Longtime NBA fans will realize that San Antonio Spurs head coach Gregg Popovich doesn’t shy away from giving his ascerbic, condescending opinions about pretty much everything.
Usually, these remarks involve basketball. After Donald Trump became the nominee and eventually the president, thinks took a turn few could predict. And by few, I mean pretty much everyone who has ever followed Gregg Popovich.
Here’s a greatest hits collection from the Spurs longtime coach, who has shepherded the team to five NBA championships during his tenure:
September 2017: “People have to be made to feel uncomfortable. And especially white people, because we’re comfortable. We still have no clue what being born white means. If you read some of the recent literature, you realize there really is no such thing as whiteness, we’ve made it up. That’s not my original thought, but it’s true. It’s hard to sit down and decide that, yes, it’s like you’re at the 50-meter mark in a 100-meter dash, you’ve got that kind of lead.”
Yes, all of those white families in Appalachia where jobs are disappearing into the ether, or those who are working two jobs just to make ends meet, they were born at the 50-meter-line of a of a 100-meter dash. Popovich, a multimillionaire, apparently believes every white person lives the same lifestyle he does. But whiteness isn’t even a real concept anyway, except it means you’re born with a 50-meter lead.
Later in September 2017: “Our country is an embarrassment in the world,” Popovich said when announcing his support for NFL players kneeling during the national anthem and the fact that the president rescinded a White House invitation to the Golden State Warriors after anti-Trump comments made by members of the team. “I thought it was comical that it was rescinded because they weren’t going to go any way… It’s like a sixth grader is going to have a party in his backyard and he finds out somebody might not come, so he disinvites them.” As for the anthem protesters, “Each one of them has the right and the ability to say what they would like to say and act the way they would like to act,” Popovich said.
October 2017, on Trump: “This man in the Oval Office is a soulless coward who thinks that he can only become large by belittling others. … We have a pathological liar in the White House, unfit intellectually, emotionally, and psychologically to hold this office, and the whole world knows it, especially those around him every day. The people who work with this president should be ashamed, because they know better than anyone just how unfit he is, and yet they choose to do nothing about it. This is their shame most of all.”
March, 2018: Popovich claims that the Second Amendment might not be “useful” anymore and that the president “brings out the dark side of human beings.”
Popovich’s chickens may be coming home to roost, however. An article published by The Washington Post this Monday detailed some fans who have ditched the team because of what they see as the coach’s dismissive and hyperbolic attitude toward the current administration.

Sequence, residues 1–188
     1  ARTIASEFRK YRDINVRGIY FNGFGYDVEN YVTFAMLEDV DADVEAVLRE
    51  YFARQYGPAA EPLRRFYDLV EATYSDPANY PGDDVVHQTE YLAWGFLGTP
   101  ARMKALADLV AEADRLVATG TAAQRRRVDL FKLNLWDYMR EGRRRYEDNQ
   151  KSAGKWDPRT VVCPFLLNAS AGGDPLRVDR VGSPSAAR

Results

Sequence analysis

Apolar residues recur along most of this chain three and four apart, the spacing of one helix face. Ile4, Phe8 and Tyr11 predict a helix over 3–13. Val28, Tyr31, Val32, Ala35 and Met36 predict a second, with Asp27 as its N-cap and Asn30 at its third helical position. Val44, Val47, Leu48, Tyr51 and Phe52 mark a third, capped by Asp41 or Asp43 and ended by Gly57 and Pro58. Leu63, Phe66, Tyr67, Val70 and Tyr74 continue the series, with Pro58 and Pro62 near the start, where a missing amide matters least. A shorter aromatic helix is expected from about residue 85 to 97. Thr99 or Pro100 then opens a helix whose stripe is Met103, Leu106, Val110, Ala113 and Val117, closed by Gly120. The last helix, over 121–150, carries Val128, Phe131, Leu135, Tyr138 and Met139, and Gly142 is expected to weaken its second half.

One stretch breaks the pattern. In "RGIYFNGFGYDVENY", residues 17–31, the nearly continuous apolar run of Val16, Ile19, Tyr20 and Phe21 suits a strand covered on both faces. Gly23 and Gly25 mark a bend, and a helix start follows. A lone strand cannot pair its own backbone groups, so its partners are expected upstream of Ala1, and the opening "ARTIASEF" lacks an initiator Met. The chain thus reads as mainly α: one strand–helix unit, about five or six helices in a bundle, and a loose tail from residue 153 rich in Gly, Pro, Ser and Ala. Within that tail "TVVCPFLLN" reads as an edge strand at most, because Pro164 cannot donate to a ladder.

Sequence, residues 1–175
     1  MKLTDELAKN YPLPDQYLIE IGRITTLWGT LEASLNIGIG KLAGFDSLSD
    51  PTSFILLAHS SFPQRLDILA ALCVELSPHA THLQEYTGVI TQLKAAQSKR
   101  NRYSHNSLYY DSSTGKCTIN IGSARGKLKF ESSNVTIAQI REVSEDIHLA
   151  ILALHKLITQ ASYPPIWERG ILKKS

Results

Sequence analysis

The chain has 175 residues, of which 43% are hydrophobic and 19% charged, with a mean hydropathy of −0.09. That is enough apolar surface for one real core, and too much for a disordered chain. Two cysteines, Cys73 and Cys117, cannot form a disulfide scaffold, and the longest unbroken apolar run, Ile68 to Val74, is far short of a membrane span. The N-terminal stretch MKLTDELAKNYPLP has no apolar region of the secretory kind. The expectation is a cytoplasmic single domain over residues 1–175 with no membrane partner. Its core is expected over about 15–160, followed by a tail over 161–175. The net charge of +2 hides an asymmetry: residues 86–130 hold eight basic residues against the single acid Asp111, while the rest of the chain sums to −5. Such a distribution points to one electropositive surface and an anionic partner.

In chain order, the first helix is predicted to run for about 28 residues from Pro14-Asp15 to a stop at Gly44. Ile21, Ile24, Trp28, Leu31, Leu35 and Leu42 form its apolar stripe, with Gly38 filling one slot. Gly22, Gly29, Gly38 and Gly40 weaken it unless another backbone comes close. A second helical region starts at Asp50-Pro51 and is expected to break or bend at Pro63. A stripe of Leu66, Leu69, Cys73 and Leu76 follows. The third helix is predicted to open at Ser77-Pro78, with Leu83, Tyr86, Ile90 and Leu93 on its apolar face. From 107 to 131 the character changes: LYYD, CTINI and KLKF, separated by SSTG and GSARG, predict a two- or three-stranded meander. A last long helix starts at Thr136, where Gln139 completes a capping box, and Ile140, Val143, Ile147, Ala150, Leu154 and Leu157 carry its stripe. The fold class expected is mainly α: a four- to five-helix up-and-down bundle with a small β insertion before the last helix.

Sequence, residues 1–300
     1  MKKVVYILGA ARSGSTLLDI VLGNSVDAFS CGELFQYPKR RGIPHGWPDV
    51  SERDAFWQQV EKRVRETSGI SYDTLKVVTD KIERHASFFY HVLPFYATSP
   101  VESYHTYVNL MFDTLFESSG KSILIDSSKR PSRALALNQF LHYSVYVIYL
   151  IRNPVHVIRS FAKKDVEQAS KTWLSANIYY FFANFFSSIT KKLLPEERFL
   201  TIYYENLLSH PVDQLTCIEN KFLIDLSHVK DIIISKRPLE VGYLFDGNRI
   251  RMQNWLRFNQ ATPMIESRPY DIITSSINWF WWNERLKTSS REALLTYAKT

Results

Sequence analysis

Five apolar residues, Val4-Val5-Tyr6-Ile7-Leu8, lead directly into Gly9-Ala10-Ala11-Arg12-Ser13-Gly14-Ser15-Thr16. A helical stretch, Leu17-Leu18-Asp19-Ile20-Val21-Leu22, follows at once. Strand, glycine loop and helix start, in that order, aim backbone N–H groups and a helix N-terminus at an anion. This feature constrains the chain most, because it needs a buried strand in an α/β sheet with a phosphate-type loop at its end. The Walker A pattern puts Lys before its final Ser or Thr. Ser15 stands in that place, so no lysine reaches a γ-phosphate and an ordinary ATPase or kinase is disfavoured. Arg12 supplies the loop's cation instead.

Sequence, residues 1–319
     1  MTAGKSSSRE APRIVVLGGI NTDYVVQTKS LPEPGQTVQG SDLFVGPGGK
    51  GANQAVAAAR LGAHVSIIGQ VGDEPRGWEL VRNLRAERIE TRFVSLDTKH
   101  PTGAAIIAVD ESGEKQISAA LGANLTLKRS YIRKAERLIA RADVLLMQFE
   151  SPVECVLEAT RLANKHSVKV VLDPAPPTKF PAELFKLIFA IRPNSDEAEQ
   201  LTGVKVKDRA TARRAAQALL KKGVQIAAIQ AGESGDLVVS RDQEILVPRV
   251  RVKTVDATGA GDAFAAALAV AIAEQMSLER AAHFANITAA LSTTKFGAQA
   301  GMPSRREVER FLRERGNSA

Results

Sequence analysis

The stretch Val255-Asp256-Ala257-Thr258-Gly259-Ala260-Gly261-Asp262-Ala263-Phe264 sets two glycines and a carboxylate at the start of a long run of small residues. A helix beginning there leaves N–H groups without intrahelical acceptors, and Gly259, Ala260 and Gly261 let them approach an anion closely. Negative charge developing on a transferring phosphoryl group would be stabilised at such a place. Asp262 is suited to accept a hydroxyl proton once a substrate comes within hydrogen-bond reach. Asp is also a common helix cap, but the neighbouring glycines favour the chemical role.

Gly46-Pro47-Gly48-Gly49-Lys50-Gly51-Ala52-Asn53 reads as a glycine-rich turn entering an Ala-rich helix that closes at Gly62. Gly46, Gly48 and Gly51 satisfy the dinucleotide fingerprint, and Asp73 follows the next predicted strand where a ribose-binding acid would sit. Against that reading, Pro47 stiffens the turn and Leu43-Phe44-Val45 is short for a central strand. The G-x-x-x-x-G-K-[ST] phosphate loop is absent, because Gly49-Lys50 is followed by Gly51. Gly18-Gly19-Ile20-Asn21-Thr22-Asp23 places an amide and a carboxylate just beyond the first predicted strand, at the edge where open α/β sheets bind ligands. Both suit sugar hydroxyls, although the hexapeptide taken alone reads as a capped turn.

“Not long ago, Cassandra Casanova would plan her weeks around the NBA playoff schedule. She would wear her San Antonio Spurs gear and spend days talking about her favorite team, dissecting its postseason matchup,” the article from Rick Maese reads. “Not this year.”
“I have no idea when the games are,” Casanova told the paper. “I could not care less.”
“I am completely turned off. After all those years supporting the team, and now I just have no interest,” Casanova added. “Popovich really messed up.”
Casanova ended up packing up all of her Spurs gear and selling it to Goodwill.
“I often curse Pop for doing what he did,” Bob Mulherin, a Spurs fan for over a quarter-century, said. “He insulted more than half of the Spurs’ fan base, and no sign whatsoever of an apology.”
“It is sad that Pop basically told my wife and my son and me for that matter that we were fools for supporting Donald Trump,” he added. “What happens when someone calls you a fool? You avoid them.”
So, how much does Popovich care? Predictably, his level of crap-giving equals zero.
“No, I don’t care about an article that anyone might write, except if you wrote one,” Popovich said, joking with a reporter. “The organization has never said a word about any opinion that I might have about anything, not one time.”
Part of Pop’s immunity comes from the fact that San Antonio proper is a blue puddle in the Texas electoral map, as is the nearby liberal paradise of Austin. The rest of the map, especially in the suburbs, is decidedly red and dotted with military bases. Those individuals don’t exactly take quite kindly to Popovich’s rhetoric and have placed increasing pressure on the club.
And while the organization hasn’t said anything about Pop’s rhetorical excesses yet, that doesn’t mean they won’t. A disappointing season combined with controversy over troublesome star Kawhi Leonard saw the Spurs in an unusually-low seventh seed for the NBA playoffs, where they find themselves down 2-0 to the defending champion Golden State Warriors.
So, yeah, that kind of rhetoric may have done just fine when Popovich was winning championships. When you get bounced out in the first round after a terrible season, however, one may reckon Spurs team executives may pull him aside one of these days. Whether that can bring back lost fans is anyone’s guess, but one thing’s for sure: I don’t think he’s going to have to worry about turning down that visit to the White House.
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